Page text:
By Freda Rumford from the August 2012 Edition
Fairly recently, we have had additions to our family.
The first is a mostly Siamese cat whom we called Ming-tu after a similar cat who lived with us years ago, when the family still with us was both younger and larger, named Ming. Over the weeks the ‘tu’ has been dropped to Ming as he settled in beautifully, adopting our large male Golden Retriever as “Mom.”
They seem to adore each other as they curl up constantly with Ming nestling into Jasper’s very much larger body. If one goes out, they greet each other with much nose rubbing shows of affection upon returning home. They don’t really play together much but when they do it is great fun to watch the Giant and the Lilliputian adapt each to the other’s size. Jasper has to test Ming’s food to make sure he is being fed correctly while Ming checks Jasper’s and turns up his nose quite noticeably in distaste and almost shudders.
The second is a person of the human male species, who has very rapidly become a most important member of the household. The adjustments for everyone have been very much easier than expected to our mutual pleasure. Changing lifestyles as an adult, I thought would be difficult but to my astonishment it has been one of a great deal of pleasure, a huge amount of humour and very much laughter.
As a child growing up in, due to living in WWII and the resultant difficult circumstances, my parents were constantly playing host to younger siblings and their children as they sought a few weeks respite from living in embattled London.
I was the eldest of all the cousins and expected to behave more maturely and graciously. This I did for the most part but there are always exceptions and one person, with whom I really did not really get along, stayed for an inordinate amount of time. He and I fought over practically everything and the constant bickering and snide teasing drove the adults absolutely wild. Eventually, I think we settled down but it was many years before we would finally become friends.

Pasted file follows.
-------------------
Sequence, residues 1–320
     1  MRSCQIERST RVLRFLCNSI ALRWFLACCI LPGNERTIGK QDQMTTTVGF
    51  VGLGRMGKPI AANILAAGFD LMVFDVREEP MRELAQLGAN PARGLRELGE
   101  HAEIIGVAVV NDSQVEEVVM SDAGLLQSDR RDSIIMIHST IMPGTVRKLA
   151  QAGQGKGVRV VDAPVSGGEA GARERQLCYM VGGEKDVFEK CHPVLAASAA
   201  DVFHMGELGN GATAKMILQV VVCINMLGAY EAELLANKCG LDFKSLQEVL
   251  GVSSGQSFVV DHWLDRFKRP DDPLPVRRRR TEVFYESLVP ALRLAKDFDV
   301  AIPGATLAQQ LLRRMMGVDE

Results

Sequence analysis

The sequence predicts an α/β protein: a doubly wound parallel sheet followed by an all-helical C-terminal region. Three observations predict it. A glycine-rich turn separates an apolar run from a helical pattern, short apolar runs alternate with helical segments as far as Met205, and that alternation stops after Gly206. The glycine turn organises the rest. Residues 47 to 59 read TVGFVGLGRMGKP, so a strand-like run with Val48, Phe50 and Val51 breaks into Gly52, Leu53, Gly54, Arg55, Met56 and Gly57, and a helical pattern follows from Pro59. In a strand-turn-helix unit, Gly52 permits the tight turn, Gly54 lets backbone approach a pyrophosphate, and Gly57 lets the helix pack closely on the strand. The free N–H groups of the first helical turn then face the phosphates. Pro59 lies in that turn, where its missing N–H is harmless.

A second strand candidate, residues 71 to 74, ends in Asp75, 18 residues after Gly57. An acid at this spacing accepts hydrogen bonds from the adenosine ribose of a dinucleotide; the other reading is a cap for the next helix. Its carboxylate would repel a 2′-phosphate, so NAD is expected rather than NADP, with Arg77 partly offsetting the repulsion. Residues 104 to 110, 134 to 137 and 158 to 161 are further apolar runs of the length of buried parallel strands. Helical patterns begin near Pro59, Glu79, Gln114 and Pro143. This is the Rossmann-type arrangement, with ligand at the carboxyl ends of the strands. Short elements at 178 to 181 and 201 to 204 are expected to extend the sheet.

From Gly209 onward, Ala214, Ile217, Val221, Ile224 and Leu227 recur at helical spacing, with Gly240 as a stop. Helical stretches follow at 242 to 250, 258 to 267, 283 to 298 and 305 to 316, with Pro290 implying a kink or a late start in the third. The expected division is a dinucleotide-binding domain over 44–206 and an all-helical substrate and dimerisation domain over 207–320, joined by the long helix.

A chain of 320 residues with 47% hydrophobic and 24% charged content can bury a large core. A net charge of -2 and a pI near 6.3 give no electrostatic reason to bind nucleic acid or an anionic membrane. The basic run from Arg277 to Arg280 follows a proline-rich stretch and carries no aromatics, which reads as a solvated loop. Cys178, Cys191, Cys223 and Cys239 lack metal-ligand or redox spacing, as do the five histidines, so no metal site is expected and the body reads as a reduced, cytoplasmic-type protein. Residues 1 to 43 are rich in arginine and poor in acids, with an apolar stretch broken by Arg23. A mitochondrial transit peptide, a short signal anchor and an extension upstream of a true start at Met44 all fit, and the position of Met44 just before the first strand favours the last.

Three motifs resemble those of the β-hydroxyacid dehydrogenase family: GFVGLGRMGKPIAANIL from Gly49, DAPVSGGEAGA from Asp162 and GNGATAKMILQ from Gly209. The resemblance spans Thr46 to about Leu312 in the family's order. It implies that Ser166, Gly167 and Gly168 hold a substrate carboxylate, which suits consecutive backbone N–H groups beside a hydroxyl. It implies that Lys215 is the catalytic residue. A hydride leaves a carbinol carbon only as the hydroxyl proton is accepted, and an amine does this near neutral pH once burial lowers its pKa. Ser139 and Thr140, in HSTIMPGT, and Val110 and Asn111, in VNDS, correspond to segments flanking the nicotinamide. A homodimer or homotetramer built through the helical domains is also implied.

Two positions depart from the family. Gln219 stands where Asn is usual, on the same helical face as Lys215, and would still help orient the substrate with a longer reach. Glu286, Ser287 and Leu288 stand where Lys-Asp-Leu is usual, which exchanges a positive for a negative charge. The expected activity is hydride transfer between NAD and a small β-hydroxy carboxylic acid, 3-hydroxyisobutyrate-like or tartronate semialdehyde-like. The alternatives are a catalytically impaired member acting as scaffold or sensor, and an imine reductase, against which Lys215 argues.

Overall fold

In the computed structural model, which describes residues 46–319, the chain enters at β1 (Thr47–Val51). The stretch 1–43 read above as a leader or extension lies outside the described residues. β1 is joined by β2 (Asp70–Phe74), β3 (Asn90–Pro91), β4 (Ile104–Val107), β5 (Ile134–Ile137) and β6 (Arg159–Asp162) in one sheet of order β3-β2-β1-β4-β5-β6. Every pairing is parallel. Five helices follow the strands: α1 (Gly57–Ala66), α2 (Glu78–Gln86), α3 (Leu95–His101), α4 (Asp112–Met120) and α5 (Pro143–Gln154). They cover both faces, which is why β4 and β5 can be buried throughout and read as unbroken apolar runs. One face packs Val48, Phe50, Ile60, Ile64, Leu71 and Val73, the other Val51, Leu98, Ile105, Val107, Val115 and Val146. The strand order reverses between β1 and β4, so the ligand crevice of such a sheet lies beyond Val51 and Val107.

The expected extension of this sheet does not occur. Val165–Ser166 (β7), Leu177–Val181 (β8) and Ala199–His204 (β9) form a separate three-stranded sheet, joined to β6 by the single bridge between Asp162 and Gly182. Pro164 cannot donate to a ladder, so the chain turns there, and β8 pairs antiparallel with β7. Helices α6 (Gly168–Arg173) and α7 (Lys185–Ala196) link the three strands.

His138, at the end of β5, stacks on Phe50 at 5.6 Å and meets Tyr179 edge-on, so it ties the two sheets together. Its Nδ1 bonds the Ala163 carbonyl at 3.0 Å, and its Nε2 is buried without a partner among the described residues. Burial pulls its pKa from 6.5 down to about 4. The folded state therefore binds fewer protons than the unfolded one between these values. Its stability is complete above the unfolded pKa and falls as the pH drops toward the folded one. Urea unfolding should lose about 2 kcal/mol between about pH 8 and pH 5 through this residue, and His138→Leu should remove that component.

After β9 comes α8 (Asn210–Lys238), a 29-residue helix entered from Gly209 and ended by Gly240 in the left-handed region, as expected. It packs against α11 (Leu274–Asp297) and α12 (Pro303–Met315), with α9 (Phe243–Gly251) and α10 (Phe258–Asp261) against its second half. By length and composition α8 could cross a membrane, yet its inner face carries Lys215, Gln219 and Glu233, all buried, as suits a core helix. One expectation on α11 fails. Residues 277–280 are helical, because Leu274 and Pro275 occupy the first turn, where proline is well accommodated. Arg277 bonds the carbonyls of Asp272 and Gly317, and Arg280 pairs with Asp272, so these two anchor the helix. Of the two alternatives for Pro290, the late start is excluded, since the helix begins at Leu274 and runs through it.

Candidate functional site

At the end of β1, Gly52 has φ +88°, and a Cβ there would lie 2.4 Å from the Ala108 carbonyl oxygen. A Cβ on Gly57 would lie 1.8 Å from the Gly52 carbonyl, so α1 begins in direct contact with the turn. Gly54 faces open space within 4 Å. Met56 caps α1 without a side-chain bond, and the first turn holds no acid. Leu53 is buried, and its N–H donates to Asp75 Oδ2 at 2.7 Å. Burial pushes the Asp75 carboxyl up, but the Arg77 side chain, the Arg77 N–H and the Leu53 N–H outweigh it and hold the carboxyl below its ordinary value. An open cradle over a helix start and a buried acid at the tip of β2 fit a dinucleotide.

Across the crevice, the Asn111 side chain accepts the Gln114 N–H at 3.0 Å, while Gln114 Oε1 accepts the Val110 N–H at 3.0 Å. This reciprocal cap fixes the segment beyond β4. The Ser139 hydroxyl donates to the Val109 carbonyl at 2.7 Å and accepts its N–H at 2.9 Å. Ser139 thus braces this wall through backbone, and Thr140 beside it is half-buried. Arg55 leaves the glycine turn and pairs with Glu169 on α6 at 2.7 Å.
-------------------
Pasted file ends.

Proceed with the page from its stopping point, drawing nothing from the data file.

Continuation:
With my uncles and aunts being younger than my parents by many years, it was easy for me to form attachments to the younger ones and they gradually became the elder brothers and sisters that I, as an only child, craved.
Again, I was teased constantly with love and no spitefulness entailed this time, which I quickly learned to reciprocate. The battles of words were so much fun and were some of the behaviours and lessons that I introduced to my own children many years later.
Ming also likes to tease. Anything hidden under the bed covers is his to attack. He goes for my toes often at very inappropriate moments, such as when I am in a sound sleep and really would prefer to remain so. Last night he got a hefty whack on the butt because he felt ignored and had pounced on me not once but twice so had to be taught a lesson. I was assured that he was only in teasing mode. but I think he was jealous that we were watching a movie and not playing with him.
Earlier, my companion made the comment that I was the only person who had ever retaliated with humour, not anger when teased by him and I was pleased that this was so. Previously I had found that many people in the later years do not know what, how or when a tease is just that and not meant to be taken seriously and I found myself in a little bit of a pickle on several occasions.
Thinking about it later when in quiet mode, I realised that I too had learned my lesson in teasing and retaliating at probably the same human years as Ming. Without being conscious of it at the time, I have been given a gift by my family. A really good one that I hope will stick around.
I now wonder how many other things I will learn about myself as well as my companion, who says he has a hidden list I may never discover.
Most knew her as Freda Rumford. Freda Anne Vickery was a founder, editor, and contributor of the Manzanillo Sun magazine. She was one of the founders and, took over being President of the Manzamigos, when her husband Nigel, died. When she first came to Manzanillo, she got a job writing for the Guadalajara Reporter and used that as a foundation for her later humanities work. Freda was born in the East side of London in 1934 but grew up in Norwich. Freda’s early life was one of overcoming things. As an example, she was born with a lisp but one of her first jobs was being a telephone operator after some extensive elocution lessons. She met and married a young military man and, like so many others, they and their children moved to Canada for his employment opportunities and she ended up working for the Hudson’s Bay Company in cosmetic sales in Calgary. They moved to BC and then to Manzanillo, for her health, which flourished in the tropical weather. After Nigel died, she later married Kirby Vickery. She later became ill and finally lost the battle with cancer on the 27th of February 2016.